Intersectional Rewrites

Dismantling the gendered understanding of pregnancy in discrimination cases under the ECHR

Introduction The experiences of cisgender women are frequently linked to prevailing conceptions about pregnancy and childbirth. Transgender men, as well as other non-binary individuals expressing male gender expressions, are frequently marginalised by these cisnormative assumptions regarding pregnancy status and experiences (Besse et al, 2020). At the outset, it is useful to clarify four terms pertinent […]

The Court’s failure to distinguish poverty from race as intersecting grounds of oppression: reinforcing anti-Roma stigma

Hudorovic and Others v. Slovenia: domestic law prevented indigent Roma from connecting their homes to clean water and sewerage, while the ECtHR assumed they chose their living conditions, dismissing poverty as a factor. It found no violation, and not even that rights invoked – home/ family life, no degrading treatment, non-discrimination – necessarily applied. Facts […]

G.M. and Others v. Republic of Moldova: at the intersection of gender, disability, institutionalisation, and rape survivor status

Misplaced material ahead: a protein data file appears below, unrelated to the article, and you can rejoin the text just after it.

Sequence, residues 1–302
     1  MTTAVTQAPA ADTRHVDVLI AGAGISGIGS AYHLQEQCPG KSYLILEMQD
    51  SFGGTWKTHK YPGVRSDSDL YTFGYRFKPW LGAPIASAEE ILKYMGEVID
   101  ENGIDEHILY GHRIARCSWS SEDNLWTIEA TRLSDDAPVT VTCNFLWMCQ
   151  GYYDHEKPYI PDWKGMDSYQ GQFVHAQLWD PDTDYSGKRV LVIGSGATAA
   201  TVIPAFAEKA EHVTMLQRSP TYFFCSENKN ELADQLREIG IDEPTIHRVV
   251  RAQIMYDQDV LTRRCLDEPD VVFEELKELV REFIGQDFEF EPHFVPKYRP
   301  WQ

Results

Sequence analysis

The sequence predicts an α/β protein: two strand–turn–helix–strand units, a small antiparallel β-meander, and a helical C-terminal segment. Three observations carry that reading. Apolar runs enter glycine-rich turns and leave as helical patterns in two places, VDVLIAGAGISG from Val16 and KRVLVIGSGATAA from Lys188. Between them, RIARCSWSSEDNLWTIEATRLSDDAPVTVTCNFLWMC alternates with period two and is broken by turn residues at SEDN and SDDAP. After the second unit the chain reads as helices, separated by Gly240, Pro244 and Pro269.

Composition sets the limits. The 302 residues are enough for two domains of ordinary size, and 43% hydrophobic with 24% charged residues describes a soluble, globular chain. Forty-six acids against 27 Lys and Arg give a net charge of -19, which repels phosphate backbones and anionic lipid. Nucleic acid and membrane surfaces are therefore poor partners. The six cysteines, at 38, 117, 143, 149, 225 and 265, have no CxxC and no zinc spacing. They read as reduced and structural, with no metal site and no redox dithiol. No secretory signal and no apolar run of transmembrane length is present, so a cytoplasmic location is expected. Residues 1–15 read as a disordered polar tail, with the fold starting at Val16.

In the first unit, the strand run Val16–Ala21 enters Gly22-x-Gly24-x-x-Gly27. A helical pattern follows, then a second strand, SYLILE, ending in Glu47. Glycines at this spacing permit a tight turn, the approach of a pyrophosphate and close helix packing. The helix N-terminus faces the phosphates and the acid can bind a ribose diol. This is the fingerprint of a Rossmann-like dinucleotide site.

While nearly 35 years have passed since Kimberlé Crenshaw coined the term “intersectionality” in her essay, the concept has not gained the prominent role in anti-discrimination law that it deserves. It has become an important tool in understanding individual, structural, institutional and historical aspects that impact equality, and is often referred to in academic discourses […]

Intersectionality and the failures of the European Court of Human Rights: A critical analysis of Hämäläinen v. Finland

In Hämäläinen v. Finland (2014) the European Court of Human Rights (the Court) affirmed Finland’s refusal to register Hämäläinen as a transitioned married woman. This critique analyses the judgment through the lens of intersectionality. Using the intersectionality framework, individuals have unique social and political identities, derived from factors such as gender, race, and class, which […]

The European Court of Human Rights’ Semenya case

The recent decision in the case of Caster Semenya is hardly the first instance where the Court was forced to face the music regarding its inherent aversion to explicitly challenging perceived ideas about the gender binary. The Court’s view of gender has always been problematic, confusing sex with gender, pathologising trans bodies, and only accepting […]